Taking this into consideration, the blogs I’m composing are designed to equip pastors and saints living out Jesus’ mission in multiethnic settings. I aim for readers to learn to minister well through the ability to (1) identify the ethnocentric movements making contemporary appeals to Christians of color, (2) engage their teachings, and (3) respond with a holistic apologetic defending the Christian faith while also shepherding the hearts of African American and Latino Christians. The goal is to lay an initial foundation of a contextualized approach to apologetics that can be used for dialogue with Christians of color in urban America and beyond.
 Paul Harvey and Edward J. Blum, Guide to Religion in American History (New York: Columbia University Press, 2012), 228.
 Bob Smietana, “Sunday Morning Segregation: Most Worshipers Feel Their Church Has Enough Diversity,” Christianity Today, January 15, 2015.
 Elijah Anderson, “The White Space”, Sociology of Race and Ethnicity 2015, Vol. 1(1) 10–21, American Sociological Association 2014, examines the history of and tensions attendant to African Americans progressively being allowed into spaces preoccupied by white-dominant culture.
 Al Mohler, “The Content of Our Character—King’s Dream and Ours,” January 16, 2016, https://albertmohler.com/2006/01/16/the-content-of-our-character-kings-dream-and-ours-2/.
 Broward Liston, “Interview: Missionary Work in Iraq,” TIME, April 15, 2003, http://content.time.com/time/world/article/0,8599,443800,00.html.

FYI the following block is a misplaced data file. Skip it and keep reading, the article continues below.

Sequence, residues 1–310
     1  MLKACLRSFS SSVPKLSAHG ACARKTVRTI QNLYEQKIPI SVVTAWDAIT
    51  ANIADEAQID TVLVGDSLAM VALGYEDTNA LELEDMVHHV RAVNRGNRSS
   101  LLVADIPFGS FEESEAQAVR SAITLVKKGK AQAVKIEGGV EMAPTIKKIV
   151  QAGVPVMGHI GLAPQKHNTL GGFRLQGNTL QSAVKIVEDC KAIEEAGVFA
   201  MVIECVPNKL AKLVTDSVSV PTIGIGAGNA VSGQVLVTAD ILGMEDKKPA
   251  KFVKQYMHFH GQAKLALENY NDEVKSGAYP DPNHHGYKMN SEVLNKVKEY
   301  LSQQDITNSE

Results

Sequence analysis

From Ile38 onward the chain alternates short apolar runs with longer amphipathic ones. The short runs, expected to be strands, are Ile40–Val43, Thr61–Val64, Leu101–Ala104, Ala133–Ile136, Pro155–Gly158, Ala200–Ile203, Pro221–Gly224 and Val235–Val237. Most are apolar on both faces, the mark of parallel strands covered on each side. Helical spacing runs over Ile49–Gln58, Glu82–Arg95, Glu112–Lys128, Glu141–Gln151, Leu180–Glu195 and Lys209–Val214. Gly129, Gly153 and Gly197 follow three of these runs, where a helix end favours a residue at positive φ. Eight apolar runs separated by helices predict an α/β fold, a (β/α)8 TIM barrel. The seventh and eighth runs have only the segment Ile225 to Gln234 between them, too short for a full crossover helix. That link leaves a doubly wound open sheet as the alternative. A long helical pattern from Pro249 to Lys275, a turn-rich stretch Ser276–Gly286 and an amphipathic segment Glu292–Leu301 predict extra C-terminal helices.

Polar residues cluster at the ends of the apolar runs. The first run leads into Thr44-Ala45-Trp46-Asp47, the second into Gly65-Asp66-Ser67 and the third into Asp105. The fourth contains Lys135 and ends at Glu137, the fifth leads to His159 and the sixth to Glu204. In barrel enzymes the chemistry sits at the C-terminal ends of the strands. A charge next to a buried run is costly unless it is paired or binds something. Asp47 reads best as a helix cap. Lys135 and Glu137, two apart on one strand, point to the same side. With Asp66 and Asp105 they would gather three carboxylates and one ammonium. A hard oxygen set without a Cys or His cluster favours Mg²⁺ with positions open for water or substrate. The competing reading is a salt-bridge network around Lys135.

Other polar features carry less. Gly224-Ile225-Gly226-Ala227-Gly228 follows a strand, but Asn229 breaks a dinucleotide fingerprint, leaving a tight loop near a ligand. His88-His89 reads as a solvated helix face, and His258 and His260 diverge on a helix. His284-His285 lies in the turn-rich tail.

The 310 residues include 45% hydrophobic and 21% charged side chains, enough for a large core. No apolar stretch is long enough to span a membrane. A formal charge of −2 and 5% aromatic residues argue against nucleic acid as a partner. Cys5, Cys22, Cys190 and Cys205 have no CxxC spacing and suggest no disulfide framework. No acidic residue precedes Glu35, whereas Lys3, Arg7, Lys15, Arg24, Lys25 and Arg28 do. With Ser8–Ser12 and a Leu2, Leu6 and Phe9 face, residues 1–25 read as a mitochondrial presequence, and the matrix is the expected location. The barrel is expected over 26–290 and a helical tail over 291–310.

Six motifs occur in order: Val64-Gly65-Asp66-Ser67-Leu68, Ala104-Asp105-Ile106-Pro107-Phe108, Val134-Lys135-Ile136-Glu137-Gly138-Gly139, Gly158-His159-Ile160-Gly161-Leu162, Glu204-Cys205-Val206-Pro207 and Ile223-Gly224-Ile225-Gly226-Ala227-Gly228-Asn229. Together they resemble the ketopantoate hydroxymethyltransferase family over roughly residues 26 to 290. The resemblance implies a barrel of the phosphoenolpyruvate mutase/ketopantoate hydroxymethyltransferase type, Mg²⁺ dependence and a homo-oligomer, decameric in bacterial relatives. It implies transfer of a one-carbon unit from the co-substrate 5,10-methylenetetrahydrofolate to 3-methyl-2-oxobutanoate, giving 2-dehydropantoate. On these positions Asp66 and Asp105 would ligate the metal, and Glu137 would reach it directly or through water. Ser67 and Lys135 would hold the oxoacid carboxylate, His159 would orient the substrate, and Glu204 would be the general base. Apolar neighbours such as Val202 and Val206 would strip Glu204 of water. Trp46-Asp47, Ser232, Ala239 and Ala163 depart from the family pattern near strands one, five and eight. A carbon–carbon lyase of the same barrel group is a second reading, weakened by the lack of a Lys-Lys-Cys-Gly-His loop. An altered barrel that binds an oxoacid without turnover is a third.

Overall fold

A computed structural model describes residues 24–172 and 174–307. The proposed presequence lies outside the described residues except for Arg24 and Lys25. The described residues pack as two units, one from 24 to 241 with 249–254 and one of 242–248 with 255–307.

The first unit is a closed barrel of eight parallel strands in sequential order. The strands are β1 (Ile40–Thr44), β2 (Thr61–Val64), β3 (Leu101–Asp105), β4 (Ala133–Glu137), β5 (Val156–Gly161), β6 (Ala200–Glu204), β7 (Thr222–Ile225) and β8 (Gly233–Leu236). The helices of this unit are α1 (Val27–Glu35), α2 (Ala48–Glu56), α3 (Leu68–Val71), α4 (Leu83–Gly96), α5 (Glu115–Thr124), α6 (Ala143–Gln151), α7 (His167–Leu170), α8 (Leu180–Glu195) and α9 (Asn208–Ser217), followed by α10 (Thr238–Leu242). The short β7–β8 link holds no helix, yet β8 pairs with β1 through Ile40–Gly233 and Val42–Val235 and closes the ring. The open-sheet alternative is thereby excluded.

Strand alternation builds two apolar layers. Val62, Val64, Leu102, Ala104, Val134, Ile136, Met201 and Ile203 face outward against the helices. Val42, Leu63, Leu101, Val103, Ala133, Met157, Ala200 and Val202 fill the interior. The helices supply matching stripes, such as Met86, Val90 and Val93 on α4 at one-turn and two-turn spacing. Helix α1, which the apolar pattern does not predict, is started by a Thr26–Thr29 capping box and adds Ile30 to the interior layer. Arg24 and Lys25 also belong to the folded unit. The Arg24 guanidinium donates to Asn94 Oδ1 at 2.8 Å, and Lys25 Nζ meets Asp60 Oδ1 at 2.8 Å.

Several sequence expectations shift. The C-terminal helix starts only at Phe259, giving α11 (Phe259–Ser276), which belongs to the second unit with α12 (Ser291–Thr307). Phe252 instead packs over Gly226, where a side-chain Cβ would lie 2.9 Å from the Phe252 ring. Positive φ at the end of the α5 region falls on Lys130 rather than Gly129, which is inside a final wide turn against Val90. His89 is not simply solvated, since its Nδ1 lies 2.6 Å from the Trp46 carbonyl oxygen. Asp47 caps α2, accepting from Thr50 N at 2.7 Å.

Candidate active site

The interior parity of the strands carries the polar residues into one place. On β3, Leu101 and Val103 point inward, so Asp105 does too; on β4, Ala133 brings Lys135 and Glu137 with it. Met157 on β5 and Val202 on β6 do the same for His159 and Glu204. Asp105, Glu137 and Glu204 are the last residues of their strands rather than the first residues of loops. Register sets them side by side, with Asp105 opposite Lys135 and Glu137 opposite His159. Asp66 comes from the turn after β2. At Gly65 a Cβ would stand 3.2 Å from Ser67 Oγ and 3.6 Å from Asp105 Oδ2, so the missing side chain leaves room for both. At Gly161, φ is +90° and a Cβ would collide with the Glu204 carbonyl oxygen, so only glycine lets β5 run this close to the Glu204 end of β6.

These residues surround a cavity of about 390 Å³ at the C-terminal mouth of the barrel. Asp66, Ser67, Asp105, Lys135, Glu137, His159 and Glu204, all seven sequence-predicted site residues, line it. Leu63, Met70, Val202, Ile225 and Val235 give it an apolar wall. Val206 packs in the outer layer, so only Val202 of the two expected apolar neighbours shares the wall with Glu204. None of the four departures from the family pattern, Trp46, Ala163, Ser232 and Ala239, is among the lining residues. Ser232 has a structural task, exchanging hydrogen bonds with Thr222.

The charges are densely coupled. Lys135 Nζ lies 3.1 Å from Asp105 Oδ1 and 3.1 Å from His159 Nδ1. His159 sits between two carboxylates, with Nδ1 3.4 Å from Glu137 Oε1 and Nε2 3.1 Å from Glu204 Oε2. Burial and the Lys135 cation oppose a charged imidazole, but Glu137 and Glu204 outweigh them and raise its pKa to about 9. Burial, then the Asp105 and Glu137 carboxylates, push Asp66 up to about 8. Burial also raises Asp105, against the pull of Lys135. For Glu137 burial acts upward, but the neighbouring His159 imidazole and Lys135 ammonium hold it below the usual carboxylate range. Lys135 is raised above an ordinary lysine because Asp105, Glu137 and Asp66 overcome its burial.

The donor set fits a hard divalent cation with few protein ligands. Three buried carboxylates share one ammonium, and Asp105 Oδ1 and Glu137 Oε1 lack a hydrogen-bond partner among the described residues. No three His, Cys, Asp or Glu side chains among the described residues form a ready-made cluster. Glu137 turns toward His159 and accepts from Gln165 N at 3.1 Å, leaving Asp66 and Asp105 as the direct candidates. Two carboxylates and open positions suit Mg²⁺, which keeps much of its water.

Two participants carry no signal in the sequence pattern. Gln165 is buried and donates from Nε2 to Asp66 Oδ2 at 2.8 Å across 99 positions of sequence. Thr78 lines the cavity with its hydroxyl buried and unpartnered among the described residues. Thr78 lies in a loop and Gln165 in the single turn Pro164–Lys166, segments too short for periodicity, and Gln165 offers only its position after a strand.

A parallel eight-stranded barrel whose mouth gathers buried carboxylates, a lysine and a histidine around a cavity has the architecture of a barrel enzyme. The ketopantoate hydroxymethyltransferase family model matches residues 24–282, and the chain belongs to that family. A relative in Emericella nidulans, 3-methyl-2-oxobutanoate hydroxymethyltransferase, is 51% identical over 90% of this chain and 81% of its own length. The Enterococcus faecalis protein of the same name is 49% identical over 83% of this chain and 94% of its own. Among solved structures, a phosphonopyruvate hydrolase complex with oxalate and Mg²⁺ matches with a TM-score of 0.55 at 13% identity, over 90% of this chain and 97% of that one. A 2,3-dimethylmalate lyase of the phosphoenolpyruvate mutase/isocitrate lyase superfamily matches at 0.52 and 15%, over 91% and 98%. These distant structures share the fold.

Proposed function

Leo, “6 Reasons Young Black People Are Leaving the Church,” Atlanta Blackstar, January 24, 2014, http://atlantablackstar.com/2014/01/24/6-reasons-young-black-people-are-leaving-the-church/4/.
 According to Pew Research, during the short span of three years (2010–2013), 15 percent of the Latino population between ages eighteen and twenty-nine who were affiliated with Catholicism left, while the evangelical (those who identified as being “born again”) population increased only by 2 percent; the unaffiliated segment leaped by 17 percent. Cary Funk and Jessica Hamar Martinez, “The Shifting Religious Identity of Latinos in the United States: Nearly One-in-Four Latinos Are Former Catholics,” Pew Research, May 7, 2014, http://www.pewforum.org/2014/05/07/the-shifting-religious-identity-of-latinos-in-the-united-states/. This same Pew report showed 70 percent of those raised Protestant who are now unaffiliated left because they gradually drifted away from the faith, compared to 66 percent of those raised Catholic who are now unaffiliated. In a separate report from Pew Research, the 31 percent of Latino millennials who are unaffiliated overshadows the 18 percent of Latino adults who say they are unaffiliated; 47 percent of millennials say they pray outside of church services compared to 73 percent of Latinos aged fifty and older. Jessica Martinez and Michael Lipka, “Hispanic Millennials Are Less Religious than Older U.S. Hispanics,” Pew Research, May 8, 2014, http://www.pewresearch.org/fact-tank/2014/05/08/hispanic-millennials-are-less-religious-than-older-u-s-hispanics/.
 Susmita Baral, Latin Times, “Why Are Latinos Leaving Catholicism? New Study Provides Answers on Hispanics Religious Beliefs Changing,” November 13, 2014, http://www.latintimes.com/why-are-latinos-leaving-catholicism-new-study-provides-answers-hispanics-religious-275604.
 Lisa Viscidi, “Latino Muslims a Growing Presence in America,” Washington Report on Middle East Affairs, June 2003, http://www.wrmea.org/2003-june/latino-muslims-a-growing-presence-in-america.html.
 Viscidi, “Latino Muslims.”
Published September 12, 2022